Pearl of Tyburn: Tonight I will be talking with Henry Hill, the editor of the British political blog, “Open Unionism”, who comes to us now from London, England, UK. Hello, Mr. Hill.
Henry Hill: Hello there.
P.T.: Please tell me how you first got involved with British politics.
H.H.: I was political from my mid-teens and started out by following my father and being a Liberal Democrat - and quite a left-wing one at that. I gradually shifted to the right during my last years of school and joined the Conservative and Unionist Party on my first week at the University of Manchester in the autumn of 2008.
P.T.: What were some of the reasons that caused you to shift from being a Liberal Democrat to being a Tory?
H.H.: The first moment I felt my soul rebel against the Liberals was when I was walking home from school and a friend told me that the Liberal Democrats supported an income tax rate of fifty pence to the pound. The idea of literally taking half of every pound someone freely earned appalled me, and I guess that realization opened the floodgates. I can't remember every step on the road to Damascus, but I know that I cheered the Liberal Democrats in the 2005 general election and the Republicans in the 2008 US Presidential election, so it lies somewhere between those two points.
P.T.: You draw a parallel between the British and American political parties. For the benefit of American and British readers alike, can you highlight some of the similarities and differences between the British Liberal Democrats/American Democrats and the British Tories/American Republicans?
H.H.: I'm afraid I'm not very well-versed on the comparisons between the British and US party systems. I'm pretty certain that I would be a socially-liberal Republican, and I was offered an internship with the Romney campaign in 2012, but I know many members of the British Conservatives support the American Democrats, and amongst the parties left of us - including the Liberal Democrats - support for the Democrats is close to one hundred per cent. Britain is a much more politically cohesive, and much more authoritarian country than America.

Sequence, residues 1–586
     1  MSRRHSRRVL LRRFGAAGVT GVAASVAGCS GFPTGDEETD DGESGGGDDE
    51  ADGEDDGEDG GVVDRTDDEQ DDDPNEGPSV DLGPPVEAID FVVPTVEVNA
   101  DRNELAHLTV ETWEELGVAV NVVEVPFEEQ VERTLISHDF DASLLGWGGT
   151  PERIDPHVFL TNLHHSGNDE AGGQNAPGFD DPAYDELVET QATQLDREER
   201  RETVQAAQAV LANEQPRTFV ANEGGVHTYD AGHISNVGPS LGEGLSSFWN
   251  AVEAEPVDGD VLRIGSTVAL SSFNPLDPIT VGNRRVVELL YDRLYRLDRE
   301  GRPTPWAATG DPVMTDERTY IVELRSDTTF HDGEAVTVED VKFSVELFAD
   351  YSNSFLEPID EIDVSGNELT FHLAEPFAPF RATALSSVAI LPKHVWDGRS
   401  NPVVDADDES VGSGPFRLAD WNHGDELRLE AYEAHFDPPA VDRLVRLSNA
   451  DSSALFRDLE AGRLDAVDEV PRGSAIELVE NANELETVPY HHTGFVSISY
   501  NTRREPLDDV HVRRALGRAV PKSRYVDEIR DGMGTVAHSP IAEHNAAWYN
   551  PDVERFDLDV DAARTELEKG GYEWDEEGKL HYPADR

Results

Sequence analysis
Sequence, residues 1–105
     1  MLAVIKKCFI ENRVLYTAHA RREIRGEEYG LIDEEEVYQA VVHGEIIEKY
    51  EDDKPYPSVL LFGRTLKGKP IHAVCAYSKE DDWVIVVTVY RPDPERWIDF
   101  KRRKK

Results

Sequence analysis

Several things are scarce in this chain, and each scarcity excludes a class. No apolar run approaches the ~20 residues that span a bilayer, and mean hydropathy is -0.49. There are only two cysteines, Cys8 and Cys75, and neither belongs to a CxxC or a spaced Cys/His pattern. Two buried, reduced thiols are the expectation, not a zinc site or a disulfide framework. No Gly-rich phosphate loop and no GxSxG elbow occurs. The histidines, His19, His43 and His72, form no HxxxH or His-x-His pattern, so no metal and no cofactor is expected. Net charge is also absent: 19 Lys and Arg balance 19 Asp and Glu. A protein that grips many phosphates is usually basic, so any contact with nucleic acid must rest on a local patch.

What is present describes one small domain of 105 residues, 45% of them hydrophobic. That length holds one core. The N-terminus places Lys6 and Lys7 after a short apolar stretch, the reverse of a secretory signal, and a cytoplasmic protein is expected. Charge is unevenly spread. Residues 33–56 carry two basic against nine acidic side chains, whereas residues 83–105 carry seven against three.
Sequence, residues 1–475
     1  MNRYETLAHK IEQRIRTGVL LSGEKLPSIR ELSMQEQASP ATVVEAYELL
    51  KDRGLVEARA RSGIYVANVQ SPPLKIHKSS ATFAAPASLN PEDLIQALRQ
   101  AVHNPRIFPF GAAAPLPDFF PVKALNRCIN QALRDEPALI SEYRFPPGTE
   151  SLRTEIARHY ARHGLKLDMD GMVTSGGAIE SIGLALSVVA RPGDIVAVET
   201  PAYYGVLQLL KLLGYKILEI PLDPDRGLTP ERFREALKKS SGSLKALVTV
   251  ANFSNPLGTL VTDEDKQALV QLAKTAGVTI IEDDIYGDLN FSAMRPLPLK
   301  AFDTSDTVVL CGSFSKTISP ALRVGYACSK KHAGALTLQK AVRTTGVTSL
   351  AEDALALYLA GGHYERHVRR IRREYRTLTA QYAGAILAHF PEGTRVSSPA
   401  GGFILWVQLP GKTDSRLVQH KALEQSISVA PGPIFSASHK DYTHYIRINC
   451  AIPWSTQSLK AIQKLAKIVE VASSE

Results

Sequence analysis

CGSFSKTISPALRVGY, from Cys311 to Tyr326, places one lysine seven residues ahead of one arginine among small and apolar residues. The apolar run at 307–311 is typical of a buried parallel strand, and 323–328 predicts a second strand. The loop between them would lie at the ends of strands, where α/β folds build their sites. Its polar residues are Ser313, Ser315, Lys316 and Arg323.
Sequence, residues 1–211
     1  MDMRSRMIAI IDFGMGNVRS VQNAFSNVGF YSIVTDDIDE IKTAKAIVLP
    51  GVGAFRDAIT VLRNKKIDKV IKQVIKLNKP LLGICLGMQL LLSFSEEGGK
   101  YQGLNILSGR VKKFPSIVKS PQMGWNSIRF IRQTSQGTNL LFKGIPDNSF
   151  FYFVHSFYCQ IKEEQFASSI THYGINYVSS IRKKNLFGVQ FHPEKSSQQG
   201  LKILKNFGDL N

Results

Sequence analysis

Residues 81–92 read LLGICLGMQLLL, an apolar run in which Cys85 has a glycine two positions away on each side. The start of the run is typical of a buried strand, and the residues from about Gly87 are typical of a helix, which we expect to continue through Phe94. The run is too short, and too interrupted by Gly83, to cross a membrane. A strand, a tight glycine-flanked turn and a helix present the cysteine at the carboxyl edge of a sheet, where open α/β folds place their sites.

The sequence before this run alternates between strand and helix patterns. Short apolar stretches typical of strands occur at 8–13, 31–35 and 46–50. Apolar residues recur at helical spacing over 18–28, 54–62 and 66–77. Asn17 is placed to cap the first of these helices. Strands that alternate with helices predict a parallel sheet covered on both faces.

P.T.: What first inspired your interest, and later active support, of Unionism?
H.H.: My mother was born and raised in Co. Roscommon in the Republic of Ireland, and I myself am a British-Irish dual-national. Ever since I found out that my mother's country used to be a part of my country, I've always had a fascination with that notion. As I became more politically aware, that fascination blossomed into an interest in, and then belief in, political Unionism.
P.T.: A lot of people might think that being British-Irish is something of an uncomfortable paradox considering the troubled past between the two and that, if anything, you would be driven away from unionism because of it. What would you say to them in response?
H.H.: I don't see why being raised a dual national would make me anti-unionist. I am aware of the 'Plastic Paddie' stereotype, whereby people with tenuous direct links to Ireland adopt a deeply Irish, often wearisomely Nationalist persona. But my upbringing was British - I was raised in Britain as a Briton, and never had my Irish heritage rubbed in my face. I suppose that growing up familiar with the multi-faceted and nuanced nature of Britain made fitting an Irish identity into that a lot easier than growing up with a solidly Irish identity and trying to fit the United Kingdom into that.
P.T.: Considering your nuanced background and embrace of Unionism, do you believe in the benefit of a hypothetical union encompassing all of the British Isles, Ireland included?
H.H.: Yes, I am personally what is frighteningly termed a 'Neo-Unionist' - I believe that the re-accession of the Twenty-Six Irish Counties to the Union would be a good thing for everyone involved. I don't think it's remotely likely, mind you, but I think that a broader acknowledgement of this as a theoretically desirable outcome for unionists would help unionism break out of the defensive 'hold the line' mentality which has held it back for so long.
P.T.: As a contributor on “Open Unionism” myself, I have a great deal of respect for your abilities as editor of that site. You obviously have excellent organizational skills and seem to put a lot of time and effort into making it a success. Tell me a little bit about the origins of OU, and how you and your deputy, Paul Watterson, first took command.
H.H.: I think you pay me too much of a kindness with your first point. OU is not a Herculean effort, and if it were, my deputy Paul would certainly have rightful claim to the lion's share of the credit, organizing as he does the day-to-day activities of our Facebook and Twitter profiles.